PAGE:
What happens to people when they reach crisis point? Why do some people start to act alarmingly out of character? And what can we do to prevent it?

The best crisis is the one averted because we saw it coming and did something about it.

Averting a crisis

I don’t mean to glorify the past, but I do think it’s possible that emotional crisis is more widespread now because of less cohesive communities, increased social isolation, job insecurity, and more fluid relationships.

Many people these days do feel isolated and the old safety nets of strong community may be much weaker than they once were.

We psychotherapists and coaches are lucky in that often we won’t be the ones on ‘the front line’ of client crisis.

Social workers, doctors, nurses, even the police may all be called upon to help before a psychotherapist is needed. Or I should say after a psychotherapist was needed.

There are different kinds of crisis. Crisis brought on by widespread disaster, warfare, earthquake or famine isn’t what this piece is about.

No, I’m talking about the personal emotional crisis. Of course, personal life crisis can be connected to wider societal events, but it needn’t be.

So what exactly is an emotional crisis?

Two signs of crisis

We recognise there are two broad types of crisis: energized and de-energized.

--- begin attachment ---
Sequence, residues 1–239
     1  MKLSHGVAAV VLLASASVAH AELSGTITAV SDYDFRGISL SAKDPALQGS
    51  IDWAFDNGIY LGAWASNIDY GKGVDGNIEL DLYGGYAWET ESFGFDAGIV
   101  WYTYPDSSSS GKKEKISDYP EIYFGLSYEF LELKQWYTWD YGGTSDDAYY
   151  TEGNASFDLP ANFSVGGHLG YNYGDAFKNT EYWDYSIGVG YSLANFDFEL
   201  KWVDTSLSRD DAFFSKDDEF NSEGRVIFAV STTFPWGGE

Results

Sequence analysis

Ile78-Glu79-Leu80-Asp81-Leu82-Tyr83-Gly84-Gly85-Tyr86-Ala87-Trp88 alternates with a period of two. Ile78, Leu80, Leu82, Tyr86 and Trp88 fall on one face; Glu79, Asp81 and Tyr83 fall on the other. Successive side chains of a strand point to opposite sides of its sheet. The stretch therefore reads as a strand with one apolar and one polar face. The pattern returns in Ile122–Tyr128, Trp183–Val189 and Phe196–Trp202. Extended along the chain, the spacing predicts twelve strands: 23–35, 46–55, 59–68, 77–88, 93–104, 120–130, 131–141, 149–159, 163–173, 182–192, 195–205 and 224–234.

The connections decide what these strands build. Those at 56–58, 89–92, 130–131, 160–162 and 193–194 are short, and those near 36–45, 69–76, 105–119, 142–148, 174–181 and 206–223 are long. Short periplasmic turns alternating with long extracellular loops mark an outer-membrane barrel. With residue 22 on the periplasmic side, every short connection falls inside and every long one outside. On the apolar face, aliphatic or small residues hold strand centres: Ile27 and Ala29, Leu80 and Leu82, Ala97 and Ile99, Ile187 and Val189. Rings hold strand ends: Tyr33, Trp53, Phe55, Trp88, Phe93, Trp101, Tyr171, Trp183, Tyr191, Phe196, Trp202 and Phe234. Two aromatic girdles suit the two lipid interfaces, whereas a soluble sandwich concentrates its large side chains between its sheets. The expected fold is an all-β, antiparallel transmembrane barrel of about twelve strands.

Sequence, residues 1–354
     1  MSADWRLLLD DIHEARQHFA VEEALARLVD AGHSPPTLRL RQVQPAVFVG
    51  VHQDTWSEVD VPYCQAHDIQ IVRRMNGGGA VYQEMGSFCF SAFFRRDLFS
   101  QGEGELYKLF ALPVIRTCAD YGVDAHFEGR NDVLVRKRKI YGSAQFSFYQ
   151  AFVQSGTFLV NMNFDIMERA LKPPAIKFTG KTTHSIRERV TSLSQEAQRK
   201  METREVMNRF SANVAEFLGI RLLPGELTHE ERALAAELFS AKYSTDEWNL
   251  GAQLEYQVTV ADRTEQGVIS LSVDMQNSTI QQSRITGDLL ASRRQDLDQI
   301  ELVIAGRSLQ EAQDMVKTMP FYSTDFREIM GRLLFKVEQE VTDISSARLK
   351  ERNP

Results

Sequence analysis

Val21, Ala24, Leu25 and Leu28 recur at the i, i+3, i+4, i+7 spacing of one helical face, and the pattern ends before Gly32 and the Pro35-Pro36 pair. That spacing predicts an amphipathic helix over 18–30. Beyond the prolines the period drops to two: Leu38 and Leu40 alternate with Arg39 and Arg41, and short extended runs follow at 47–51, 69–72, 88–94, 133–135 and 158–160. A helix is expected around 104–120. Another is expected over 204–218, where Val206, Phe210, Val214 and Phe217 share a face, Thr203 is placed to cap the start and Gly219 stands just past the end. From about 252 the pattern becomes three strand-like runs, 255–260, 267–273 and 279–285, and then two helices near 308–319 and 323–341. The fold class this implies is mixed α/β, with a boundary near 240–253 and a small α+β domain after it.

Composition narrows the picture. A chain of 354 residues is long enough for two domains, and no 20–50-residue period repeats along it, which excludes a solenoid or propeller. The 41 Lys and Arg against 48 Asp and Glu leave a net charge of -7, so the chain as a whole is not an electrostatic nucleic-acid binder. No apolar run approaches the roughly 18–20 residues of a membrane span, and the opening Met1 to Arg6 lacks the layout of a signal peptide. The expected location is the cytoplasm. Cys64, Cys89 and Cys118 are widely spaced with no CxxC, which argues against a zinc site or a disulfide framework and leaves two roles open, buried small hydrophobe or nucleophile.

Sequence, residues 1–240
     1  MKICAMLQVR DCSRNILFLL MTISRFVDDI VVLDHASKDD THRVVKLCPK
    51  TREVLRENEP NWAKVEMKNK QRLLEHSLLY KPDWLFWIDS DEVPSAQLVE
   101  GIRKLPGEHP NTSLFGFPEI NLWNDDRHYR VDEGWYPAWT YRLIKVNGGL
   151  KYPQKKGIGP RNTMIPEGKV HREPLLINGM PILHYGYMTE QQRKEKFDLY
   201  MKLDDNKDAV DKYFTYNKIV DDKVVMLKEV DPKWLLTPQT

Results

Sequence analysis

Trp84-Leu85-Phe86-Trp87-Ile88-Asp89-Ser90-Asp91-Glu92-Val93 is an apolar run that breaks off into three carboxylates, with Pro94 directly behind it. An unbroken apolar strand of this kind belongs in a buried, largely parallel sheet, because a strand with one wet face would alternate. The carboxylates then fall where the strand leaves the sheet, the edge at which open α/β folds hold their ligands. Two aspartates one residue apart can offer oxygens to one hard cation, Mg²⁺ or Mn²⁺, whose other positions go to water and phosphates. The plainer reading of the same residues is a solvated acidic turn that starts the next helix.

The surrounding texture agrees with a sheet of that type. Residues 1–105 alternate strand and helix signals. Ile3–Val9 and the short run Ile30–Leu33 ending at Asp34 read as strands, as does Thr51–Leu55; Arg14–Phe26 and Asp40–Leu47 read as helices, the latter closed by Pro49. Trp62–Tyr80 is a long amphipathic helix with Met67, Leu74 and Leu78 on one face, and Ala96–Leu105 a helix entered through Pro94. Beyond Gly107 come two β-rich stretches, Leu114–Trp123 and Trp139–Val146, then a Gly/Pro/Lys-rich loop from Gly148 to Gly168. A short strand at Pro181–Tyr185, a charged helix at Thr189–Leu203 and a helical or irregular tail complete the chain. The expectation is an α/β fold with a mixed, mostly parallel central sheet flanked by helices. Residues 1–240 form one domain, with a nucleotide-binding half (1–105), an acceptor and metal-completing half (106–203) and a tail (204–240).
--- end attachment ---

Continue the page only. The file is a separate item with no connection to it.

The former is characterized by agitation, sometimes to the point where a person becomes destructive to themselves or others.

An ‘energized’ crisis can involve extreme restlessness, inability to concentrate, pacing up and down, wringing of hands, constant adjusting of clothing, sleeplessness, obsessionality, incessant talking, sleep loss, impulsivity, and out-of-character risk taking. This general and uncontrolled agitation has been associated with increased suicide risk (1).

The second type of crisis occurs when a person feels so trapped and helpless, or sometimes exhausted from an energized crisis, that they can’t bring themselves to do anything at all. Their life grinds to a halt. They may stop eating, washing and even talking.

We often refer to this type of crisis as ‘de-energized’. In this state people feel sapped of energy, almost paralysed. They lose all motivation, self-confidence and interest as feelings of powerlessness and hopelessness take over.

It’s important to note that some medication side effects may precipitate either kinds of crisis. But there is something else that is really important to understand about any kind, or phase, of a crisis.

Disconnecting from reality

For friends, partners or relatives of someone entering an emotional crisis, what can be really scary is how the person’s personality seems to change.

A normally humorous, bubbly person may become deadly serious and withdrawn, and start to see their reality in hopeless terms that don’t seem to reflect their true situation. The usually sensible friend may start spouting wild ideas and suggestions with no regard for common sense or the way reality actually works.